My friends, who were not aware of what was truly happening in the relationship, would comment on how cute we were together and how they also wished they had a boyfriend like him. I played along with it, due to my desire of not being seen as a failure. Girls in my school had toned the bullying down since the relationship started and I knew I couldn’t afford to lose that—even if it meant being in an unhappy relationship. A few weeks later, after dealing with more lies and manipulation, I decided that I wanted to stop dating him. I then heard from a friend of a friend that he told everyone in his school that he enjoyed controlling me and that I was a whore. I lost friends because of him, due to them not wanting to be associated with me nor his actions. After I lost my friends and stopped talking to him, I thought I was at least free from him. However, he decided to weasel himself back into my life.
He would send texts saying that he hated me, then vied for my attention by trying to charm me into getting back with him. He’d send me sexually inappropriate messages, claiming that there was nothing I wanted more than his dick. He would comment on my things on Facebook and insult me for wanting to study away from home. He’d pretend to be a changed man and friendly, then go back to saying demeaning things. He’d flaunt the abusive behavior he participated in with his new girlfriends, bragging about how he wouldn’t allow his new girlfriend use birth control. It made me feel extremely uncomfortable, and rightly so.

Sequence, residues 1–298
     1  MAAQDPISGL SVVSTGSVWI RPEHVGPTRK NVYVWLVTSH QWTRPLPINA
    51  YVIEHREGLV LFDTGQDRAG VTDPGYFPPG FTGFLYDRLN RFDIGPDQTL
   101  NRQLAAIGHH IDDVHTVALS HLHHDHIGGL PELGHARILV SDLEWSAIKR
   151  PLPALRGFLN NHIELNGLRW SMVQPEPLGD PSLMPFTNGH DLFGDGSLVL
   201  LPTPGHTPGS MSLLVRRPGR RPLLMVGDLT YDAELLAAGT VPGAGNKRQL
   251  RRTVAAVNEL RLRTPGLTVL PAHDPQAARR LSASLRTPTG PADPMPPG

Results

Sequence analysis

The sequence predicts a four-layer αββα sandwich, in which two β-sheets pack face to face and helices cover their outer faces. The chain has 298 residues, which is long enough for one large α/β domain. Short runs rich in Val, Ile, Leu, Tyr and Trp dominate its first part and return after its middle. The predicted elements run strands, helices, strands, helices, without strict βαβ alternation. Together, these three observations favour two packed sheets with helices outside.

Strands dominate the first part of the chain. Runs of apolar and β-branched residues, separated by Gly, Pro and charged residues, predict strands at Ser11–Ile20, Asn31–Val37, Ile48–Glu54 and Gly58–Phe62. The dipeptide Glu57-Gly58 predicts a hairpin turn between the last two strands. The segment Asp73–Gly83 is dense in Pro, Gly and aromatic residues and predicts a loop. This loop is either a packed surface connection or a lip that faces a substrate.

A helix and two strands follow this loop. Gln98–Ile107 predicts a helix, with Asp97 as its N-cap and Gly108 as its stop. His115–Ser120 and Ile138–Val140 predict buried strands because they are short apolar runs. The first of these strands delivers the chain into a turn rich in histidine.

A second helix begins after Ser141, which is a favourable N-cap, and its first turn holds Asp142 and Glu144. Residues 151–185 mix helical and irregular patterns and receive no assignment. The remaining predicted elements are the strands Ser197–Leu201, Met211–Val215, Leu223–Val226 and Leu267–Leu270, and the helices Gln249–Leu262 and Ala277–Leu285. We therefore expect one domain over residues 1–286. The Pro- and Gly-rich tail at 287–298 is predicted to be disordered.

It took me years to break away from him. At first, I didn’t understand why it was so difficult for me to simply cut contact from him. I could just block his number and Facebook and move on with my life— yet the fear of him forcing himself back into my life lingered. I think it took time to recognize how damaging my relationship with him was because I thought abusive relationships only involved domestic violence. I thought my experienced paled in comparison. However, I now recognize that even if he wasn’t as harmful as other men who have beaten women and put their lives at risk, this still qualifies as an abusive relationship.
It’s disturbing to know that someone could romanticize such a relationship—especially a female writer. I find it insulting that E.L. James decided to sell a manipulative, abusive man as some sort of ultimate sexual fantasy for women. Christian Grey is not my fantasy, he is my nightmare, and there’s no reason why he should be considered as anything positive.